2016 has been a year that saw increased focus and attention brought to the issue of elder abuse in the United States, both at the Federal Level and within California, new laws and regulations have been passed to try to prevent seniors from being the targets of abuse and fraud. Among them are new Department of Labor rules that require annuity brokers to act as fiduciaries for their clients, a new law that protects financial advisors who inform investigators about their suspicions of financial elder abuse, and a bill before Congress to improve training employees of services that receive federal funding. However, it takes more than just laws and regulations to protect seniors: it takes attentiveness and actions on the part of friends and relatives of loved ones. A case in Healdsburg, Sonoma County shows exactly why elder abuse and fraud, especially when carried out by purported caregivers, can be extremely hard to spot and prevent.
Andrew Ross, the founder of an organization calling itself “Creative Counseling for Elders and Families,” was sentenced to 6 months in jail for embezzling $26,000 from an elderly woman with dementia. He pled no contest to felony abuse by a caregiver after the fraud was discovered by the woman’s bank. He has been barred from ever working as a caregiver again.
Believe it or not, this is just about the best case scenario after elder abuse occurs. An elderly woman with dementia, who doesn’t have immediate family or friend to help her, could easily have had a far worse outcome. Hired caregivers wield a lot of power over their charges, and if they misuse that power, it’s hard for outsiders to uncover and stop the abuse. There are many cases of this type where the bank doesn’t catch suspicious transfers, or where more than $26,000 gets siphoned off before anyone notices. Abusers, especially financial professionals who make a career of stealing from seniors, have experience in avoiding suspicion and know how to hide their trail, according to our Sonoma County elder abuse attorneys.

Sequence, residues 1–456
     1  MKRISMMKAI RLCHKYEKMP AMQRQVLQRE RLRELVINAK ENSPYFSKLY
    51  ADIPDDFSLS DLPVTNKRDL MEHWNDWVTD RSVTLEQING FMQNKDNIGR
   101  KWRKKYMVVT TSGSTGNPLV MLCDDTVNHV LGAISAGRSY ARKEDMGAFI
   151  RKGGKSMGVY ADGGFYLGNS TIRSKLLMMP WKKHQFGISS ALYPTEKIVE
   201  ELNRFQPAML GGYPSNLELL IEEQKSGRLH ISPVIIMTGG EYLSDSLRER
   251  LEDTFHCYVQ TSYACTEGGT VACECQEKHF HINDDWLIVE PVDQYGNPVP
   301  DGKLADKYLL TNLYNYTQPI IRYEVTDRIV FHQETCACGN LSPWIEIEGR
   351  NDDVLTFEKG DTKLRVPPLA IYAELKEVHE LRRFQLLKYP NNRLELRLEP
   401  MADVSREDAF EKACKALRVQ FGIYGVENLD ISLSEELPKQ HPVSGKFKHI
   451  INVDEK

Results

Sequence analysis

While new laws can help enable those who want to protect seniors, the first and most important step is staying involved in the day to day lives of elderly loved ones. While the Healdsburg case shows the result when seniors are isolated, it’s impossible to number the amount of times that a potential abuser was thwarted or deterred by the presence of a network of friends and relatives looking after a senior. Having a reliable caregiver is important, but they aren’t sufficient by themselves to protect a senior from abuse and fraud.
If you or a loved one has been the victim of physical or financial elder abuse by a caregiver or financial advisor, contact the Evans Law Firm at (415) 441-8669, or by email at email@example.com. Our Sonoma County elder abuse attorneys have experience handling cases involving caregiver and nursing home fraud as well as insurance and annuity fraud by financial advisors.